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Mol Cell Biol. 1993 Feb;13(2):970-6.

Increased UV resistance of a xeroderma pigmentosum revertant cell line is correlated with selective repair of the transcribed strand of an expressed gene.

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  • 1Department of Biological Sciences, Stanford University, California 94305-5020.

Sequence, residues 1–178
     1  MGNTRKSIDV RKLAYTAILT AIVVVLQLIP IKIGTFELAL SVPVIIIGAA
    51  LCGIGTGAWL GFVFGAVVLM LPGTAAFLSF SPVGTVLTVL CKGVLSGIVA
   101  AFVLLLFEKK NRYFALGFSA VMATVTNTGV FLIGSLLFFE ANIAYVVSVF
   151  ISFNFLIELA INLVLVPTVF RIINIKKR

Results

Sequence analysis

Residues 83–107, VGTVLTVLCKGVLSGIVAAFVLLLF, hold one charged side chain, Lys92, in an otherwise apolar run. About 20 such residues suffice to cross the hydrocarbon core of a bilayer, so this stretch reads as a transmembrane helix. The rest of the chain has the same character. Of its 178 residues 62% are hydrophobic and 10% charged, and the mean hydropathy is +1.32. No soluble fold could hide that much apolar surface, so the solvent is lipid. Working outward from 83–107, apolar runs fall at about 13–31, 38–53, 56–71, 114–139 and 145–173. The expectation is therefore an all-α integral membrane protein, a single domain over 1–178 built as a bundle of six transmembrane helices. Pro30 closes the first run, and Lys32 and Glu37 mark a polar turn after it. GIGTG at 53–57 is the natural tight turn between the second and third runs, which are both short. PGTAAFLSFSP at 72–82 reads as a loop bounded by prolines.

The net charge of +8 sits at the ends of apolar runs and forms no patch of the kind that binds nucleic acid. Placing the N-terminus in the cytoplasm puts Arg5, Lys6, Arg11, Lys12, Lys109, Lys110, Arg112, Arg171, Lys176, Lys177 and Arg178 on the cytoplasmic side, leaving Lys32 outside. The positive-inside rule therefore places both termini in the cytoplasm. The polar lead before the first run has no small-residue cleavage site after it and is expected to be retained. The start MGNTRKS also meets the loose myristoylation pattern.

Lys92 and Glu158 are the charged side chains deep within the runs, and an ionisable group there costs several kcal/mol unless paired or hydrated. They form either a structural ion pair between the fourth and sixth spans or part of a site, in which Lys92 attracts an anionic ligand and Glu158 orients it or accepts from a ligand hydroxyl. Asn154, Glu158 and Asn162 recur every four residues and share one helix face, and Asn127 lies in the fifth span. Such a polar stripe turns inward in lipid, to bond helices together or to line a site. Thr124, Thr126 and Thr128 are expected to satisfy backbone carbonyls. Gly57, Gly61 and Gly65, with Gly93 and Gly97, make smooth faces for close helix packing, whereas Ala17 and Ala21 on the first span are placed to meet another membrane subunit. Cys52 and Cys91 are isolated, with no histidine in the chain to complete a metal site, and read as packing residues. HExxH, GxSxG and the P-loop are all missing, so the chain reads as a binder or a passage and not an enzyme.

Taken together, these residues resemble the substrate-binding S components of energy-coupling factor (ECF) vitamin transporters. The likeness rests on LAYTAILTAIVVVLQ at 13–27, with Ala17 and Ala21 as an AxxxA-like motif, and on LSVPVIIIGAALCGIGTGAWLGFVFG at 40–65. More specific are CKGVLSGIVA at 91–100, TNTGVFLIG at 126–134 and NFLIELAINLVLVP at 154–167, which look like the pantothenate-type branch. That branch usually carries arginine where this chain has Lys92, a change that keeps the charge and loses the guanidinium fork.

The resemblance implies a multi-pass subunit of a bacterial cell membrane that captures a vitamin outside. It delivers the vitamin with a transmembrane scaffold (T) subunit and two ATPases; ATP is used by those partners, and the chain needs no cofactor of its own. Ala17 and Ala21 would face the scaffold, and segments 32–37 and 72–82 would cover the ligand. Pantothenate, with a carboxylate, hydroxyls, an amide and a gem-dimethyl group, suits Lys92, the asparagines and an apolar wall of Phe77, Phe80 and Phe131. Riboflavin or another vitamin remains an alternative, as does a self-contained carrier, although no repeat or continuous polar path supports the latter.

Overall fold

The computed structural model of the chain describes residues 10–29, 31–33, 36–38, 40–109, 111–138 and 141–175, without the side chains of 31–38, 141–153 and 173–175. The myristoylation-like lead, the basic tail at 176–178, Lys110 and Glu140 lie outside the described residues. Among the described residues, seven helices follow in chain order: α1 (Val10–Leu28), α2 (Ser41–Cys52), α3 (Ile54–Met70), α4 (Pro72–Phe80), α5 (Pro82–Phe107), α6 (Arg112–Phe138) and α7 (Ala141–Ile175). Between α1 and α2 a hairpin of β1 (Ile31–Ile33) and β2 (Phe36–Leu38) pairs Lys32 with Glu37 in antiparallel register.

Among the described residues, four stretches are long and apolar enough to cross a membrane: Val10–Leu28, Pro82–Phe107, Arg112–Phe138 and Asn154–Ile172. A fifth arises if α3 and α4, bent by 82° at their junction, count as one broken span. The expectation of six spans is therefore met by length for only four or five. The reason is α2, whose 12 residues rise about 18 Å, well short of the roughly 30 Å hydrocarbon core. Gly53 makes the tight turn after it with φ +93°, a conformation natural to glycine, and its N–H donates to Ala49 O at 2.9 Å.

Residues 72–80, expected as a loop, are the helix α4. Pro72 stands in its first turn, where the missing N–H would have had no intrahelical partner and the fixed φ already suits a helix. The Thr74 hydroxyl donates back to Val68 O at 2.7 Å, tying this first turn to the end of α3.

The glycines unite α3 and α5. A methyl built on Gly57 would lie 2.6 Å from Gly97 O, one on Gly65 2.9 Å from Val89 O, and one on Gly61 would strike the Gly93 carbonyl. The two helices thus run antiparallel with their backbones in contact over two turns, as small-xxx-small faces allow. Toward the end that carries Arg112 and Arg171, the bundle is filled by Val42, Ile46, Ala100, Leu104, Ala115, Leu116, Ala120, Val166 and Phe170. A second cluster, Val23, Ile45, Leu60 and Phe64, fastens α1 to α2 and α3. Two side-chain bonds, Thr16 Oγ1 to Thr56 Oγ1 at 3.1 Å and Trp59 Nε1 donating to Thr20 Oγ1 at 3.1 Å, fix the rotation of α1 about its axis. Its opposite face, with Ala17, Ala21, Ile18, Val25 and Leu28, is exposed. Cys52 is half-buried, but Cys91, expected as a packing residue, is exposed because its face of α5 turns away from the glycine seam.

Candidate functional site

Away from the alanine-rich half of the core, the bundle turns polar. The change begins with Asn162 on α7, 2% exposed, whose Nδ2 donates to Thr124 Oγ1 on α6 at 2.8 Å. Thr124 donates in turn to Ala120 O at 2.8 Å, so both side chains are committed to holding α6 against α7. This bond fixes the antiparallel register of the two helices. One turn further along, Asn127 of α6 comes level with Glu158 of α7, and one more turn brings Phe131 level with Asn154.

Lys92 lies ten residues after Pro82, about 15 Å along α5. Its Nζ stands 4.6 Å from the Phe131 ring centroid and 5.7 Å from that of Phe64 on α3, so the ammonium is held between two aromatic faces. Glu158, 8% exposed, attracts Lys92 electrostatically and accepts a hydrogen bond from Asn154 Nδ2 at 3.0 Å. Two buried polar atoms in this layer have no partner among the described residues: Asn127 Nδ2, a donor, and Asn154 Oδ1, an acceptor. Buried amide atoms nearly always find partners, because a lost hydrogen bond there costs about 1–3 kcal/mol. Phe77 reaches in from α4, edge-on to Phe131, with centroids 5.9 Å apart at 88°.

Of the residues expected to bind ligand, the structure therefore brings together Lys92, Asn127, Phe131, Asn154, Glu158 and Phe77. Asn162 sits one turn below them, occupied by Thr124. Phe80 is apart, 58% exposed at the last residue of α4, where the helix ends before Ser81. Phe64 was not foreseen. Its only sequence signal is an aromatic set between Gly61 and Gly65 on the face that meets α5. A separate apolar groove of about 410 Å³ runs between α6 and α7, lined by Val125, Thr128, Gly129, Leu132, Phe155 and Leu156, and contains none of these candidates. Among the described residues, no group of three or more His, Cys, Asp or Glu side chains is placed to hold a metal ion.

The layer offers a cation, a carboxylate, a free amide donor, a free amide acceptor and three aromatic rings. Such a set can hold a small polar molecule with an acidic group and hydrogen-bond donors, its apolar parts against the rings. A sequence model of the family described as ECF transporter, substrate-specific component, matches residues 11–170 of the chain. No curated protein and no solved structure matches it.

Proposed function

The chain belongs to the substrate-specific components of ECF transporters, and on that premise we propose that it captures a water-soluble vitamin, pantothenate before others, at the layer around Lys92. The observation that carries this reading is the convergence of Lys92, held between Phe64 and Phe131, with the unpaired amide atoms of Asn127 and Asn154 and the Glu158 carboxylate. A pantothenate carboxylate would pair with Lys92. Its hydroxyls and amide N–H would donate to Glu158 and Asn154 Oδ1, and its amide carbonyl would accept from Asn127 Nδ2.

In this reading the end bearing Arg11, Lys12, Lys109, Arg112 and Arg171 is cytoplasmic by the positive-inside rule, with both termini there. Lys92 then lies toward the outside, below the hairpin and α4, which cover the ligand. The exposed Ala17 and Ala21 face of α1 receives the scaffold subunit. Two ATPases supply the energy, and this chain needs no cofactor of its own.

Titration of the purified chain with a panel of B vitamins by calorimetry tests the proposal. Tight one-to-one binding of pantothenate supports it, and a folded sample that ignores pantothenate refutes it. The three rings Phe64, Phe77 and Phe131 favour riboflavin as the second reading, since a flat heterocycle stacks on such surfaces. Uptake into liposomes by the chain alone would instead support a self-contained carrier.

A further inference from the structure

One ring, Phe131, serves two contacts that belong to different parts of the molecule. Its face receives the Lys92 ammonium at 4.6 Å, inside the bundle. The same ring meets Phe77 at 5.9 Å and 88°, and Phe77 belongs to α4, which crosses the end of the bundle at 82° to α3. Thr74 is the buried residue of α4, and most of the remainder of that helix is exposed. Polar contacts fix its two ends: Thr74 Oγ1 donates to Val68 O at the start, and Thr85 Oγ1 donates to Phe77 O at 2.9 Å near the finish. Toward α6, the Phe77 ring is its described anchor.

A UV-resistant revertant (XP129) of a xeroderma pigmentosum group A cell line has been reported to be totally deficient in repair of cyclobutane pyrimidine dimers (CPDs) but proficient in repair of 6-4 photoproducts. This finding has been interpreted to mean that CPDs play no role in cell killing by UV. We have analyzed the fine structure of repair of CPDs in the dihydrofolate reductase gene in the revertant. In this essential, active gene, we observe that repair of the transcribed strand is as efficient as that in normal, repair-proficient human cells, but repair of the nontranscribed strand is not. Within 4 h after UV at 7.5 J/m2, over 50% of the CPDs were removed, and by 8 h, 80% of the CPDs were removed. In contrast, there was essentially no removal from the nontranscribed strand even by 24 h. Our results demonstrate that overall repair measurements can be misleading, and they support the hypothesis that removal of CPDs from the transcribed strands of expressed genes is essential for UV resistance.

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